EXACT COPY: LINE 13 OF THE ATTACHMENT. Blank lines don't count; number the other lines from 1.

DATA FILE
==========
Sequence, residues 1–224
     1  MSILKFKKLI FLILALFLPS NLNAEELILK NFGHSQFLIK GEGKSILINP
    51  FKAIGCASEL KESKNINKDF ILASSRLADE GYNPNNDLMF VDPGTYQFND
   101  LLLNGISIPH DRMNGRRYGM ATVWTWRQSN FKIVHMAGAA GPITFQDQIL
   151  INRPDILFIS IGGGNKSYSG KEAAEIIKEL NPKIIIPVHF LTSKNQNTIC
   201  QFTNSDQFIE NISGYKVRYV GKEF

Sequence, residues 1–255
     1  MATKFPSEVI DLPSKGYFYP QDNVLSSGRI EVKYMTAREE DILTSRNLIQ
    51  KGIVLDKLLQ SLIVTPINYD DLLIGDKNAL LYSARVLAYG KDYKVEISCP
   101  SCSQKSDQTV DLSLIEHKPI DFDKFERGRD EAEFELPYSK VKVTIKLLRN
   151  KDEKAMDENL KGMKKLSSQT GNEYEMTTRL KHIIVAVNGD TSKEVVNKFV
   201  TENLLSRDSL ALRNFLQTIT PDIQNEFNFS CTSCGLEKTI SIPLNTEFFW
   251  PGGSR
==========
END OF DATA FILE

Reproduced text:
   251  PGGSR